Review: the Battle of Normandy Memorial Museum

Since I reviewed a museum last week – the In Flanders Field Museum in Ypres – it only makes sense for me to review the museum I visited yesterday. Even more so because they are such comparable museums: the first was about World War I in the Ypres Salient; the one I visited yesterday looks at the D-Day invasion of Normandy.

It’s called the Battle of Normandy Memorial Museum, and it’s in Bayeux, France, and when I say they’re comparable … well, they’re only comparable in that they both address a particular aspect of a world war.IMG_0312

What I said the other day was this:

An effective museum doesn’t just display items drily in glass cases; an effective museum gives those items meaning to the people viewing them. It entertains, but it also makes visitors think. It gives the items an emotional weight.

This museum did display items drily in glass cases. It did not make me think. It did not lend the information any emotional weight. Disappointing, given that the D-Day invasion was so dramatic.

What this museum mostly did was give a historical account of the D-Day invasion in minute detail. There was plenty to read, posted on signs and maps and tables on the walls. These explained every step of the battles following D-Day: troop movements, weapons used, problems overcome, and so on.

Just because you put information on little pillars doesn't make it more engaging.

Just because you put information on little pillars doesn’t make it more engaging.

There were lots of photographs as well, and some short films, but rarely with accompanying explanation. Maybe the explanations were somewhere on all those signs, but I didn’t have the patience to read that much of it. There might, for example, be a photo of a soldier in uniform. But without any explanation of who he was, what he did, and whether he survived, it didn’t mean anything to me.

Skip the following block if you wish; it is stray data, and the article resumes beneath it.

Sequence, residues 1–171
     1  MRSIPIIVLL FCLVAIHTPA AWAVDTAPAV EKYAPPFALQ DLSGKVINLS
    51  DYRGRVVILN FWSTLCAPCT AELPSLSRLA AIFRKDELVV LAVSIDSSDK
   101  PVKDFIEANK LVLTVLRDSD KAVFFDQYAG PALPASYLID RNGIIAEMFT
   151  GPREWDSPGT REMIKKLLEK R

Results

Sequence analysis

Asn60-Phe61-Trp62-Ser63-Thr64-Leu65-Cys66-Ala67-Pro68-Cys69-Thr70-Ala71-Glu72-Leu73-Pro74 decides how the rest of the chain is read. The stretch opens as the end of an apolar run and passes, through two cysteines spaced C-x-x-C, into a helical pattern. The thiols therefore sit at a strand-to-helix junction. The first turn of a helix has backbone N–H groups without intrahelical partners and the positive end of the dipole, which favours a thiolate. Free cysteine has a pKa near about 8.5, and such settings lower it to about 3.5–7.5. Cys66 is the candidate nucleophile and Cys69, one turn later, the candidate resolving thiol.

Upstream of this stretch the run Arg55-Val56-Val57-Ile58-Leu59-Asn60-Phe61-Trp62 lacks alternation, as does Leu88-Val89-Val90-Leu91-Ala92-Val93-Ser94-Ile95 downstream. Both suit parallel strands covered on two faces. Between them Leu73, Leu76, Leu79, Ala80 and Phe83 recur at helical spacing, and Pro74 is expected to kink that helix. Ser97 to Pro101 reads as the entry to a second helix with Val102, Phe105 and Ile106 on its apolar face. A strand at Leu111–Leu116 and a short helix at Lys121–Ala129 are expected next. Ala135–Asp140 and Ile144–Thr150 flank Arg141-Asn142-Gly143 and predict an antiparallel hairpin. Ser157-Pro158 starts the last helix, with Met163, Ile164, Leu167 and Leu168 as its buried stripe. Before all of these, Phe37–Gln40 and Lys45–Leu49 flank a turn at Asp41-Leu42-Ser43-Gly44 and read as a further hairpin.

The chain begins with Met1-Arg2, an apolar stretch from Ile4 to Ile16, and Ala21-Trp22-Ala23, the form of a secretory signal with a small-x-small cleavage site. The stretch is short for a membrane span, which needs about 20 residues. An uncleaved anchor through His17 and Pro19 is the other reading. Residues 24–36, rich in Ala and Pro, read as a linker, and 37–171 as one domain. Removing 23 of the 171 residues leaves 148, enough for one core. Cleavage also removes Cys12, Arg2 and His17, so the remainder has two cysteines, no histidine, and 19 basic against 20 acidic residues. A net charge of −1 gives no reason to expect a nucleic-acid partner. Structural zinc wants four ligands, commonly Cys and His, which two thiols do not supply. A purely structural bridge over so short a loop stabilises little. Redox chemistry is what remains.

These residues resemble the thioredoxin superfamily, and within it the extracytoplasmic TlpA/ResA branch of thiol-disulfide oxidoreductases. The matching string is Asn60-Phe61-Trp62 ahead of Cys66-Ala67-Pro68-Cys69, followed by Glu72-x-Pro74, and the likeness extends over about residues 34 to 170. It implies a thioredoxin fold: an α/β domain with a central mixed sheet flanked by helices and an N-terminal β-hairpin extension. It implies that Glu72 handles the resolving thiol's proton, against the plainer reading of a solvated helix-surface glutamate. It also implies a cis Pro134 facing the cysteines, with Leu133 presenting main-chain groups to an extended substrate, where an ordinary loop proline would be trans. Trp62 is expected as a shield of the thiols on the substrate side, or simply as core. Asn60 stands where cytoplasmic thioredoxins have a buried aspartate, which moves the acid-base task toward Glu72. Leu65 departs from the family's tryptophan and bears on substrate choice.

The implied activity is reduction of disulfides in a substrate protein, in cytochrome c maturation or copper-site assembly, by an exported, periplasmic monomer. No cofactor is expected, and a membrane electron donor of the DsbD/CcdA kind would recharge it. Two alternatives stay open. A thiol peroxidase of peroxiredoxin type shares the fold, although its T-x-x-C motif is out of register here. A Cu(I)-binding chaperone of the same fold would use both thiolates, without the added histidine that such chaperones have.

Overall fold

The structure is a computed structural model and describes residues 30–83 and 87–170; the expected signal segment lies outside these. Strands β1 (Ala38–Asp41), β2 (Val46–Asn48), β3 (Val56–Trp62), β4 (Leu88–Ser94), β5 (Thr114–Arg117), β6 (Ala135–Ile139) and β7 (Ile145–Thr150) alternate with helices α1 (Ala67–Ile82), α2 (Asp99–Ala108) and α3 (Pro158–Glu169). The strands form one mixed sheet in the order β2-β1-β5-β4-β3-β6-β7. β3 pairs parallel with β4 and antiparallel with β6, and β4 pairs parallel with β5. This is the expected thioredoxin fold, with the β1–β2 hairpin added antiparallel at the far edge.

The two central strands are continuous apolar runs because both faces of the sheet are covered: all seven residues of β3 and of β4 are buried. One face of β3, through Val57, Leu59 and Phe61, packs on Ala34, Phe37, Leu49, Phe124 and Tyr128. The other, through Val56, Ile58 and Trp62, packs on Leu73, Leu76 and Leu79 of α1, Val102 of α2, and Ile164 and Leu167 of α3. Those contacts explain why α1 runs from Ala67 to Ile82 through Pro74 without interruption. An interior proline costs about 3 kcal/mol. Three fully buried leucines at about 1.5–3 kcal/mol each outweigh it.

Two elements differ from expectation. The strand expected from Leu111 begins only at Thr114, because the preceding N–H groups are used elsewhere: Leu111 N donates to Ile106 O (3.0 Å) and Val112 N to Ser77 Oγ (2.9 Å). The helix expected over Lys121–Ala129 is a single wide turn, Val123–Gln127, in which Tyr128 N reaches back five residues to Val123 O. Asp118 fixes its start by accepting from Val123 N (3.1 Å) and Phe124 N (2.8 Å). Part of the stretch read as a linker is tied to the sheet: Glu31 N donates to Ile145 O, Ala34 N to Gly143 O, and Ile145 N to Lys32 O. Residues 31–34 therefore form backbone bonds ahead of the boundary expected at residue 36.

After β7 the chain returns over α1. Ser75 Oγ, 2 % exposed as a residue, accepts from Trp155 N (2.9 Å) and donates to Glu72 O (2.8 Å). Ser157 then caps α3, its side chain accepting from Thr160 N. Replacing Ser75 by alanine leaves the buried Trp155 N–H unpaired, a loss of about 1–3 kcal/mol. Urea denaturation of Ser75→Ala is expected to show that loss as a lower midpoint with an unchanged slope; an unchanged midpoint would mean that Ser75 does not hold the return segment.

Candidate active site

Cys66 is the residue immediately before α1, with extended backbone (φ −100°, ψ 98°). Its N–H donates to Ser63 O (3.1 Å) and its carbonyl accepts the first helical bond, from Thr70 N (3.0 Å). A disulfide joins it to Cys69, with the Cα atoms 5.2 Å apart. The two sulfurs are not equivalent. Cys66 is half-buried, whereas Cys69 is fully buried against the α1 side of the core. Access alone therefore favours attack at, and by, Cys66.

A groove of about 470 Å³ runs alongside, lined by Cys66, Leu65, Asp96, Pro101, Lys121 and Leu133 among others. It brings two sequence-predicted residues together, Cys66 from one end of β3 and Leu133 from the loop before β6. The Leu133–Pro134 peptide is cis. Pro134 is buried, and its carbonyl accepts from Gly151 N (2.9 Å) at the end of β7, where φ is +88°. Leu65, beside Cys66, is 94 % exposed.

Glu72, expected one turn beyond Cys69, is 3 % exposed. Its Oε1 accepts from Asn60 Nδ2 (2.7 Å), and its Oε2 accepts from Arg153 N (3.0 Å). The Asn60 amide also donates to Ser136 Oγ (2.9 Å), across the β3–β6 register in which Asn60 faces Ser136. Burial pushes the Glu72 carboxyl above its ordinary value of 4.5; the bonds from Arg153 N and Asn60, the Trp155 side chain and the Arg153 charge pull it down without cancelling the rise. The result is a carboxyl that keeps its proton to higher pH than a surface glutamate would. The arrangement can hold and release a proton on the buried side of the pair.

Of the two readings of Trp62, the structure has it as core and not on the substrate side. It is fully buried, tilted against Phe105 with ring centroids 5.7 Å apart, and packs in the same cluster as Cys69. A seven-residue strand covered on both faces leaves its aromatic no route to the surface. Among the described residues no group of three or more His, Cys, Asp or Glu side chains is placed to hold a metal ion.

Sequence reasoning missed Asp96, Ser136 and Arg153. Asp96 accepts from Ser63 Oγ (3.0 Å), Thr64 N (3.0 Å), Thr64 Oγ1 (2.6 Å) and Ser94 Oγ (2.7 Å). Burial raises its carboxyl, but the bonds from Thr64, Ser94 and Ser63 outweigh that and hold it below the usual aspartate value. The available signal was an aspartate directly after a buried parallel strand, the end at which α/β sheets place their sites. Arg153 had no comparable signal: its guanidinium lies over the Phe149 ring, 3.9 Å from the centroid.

There were displays of weaponry, uniforms and so on, but, without any insight into the people who used them, again, they didn’t mean anything to me. The same goes for the hardware on display: tanks, machine guns and so on. There were signs explaining what they were and what they were used for, but very little about the people involved.

And the displays were almost all static, except for occasional short film clips. There was nothing interactive at all, to allow the museum visitor to actively explore the information.

There was a 20-minute film and, in the best tradition of the typical educational film, it explained the troop movements and decisions made by generals, using lots of shots of maps with arrows, interspersed with lots of short film clips of soldiers debarking from ships, airplanes taking off, and so on. I nearly fell asleep.

None of this gave any indication of how it might have felt to be a soldier involved in this operation, or a leader having to make decisions that would affect people’s lives. It was clinical and factual.

This is not to say that this museum is not worth visiting: it may be. If you are interested in learning more about the details of the D-Day invasion, this is a good place to go. If you have far more patience than I do to read all of that information, you would very likely enjoy this museum. I didn’t.

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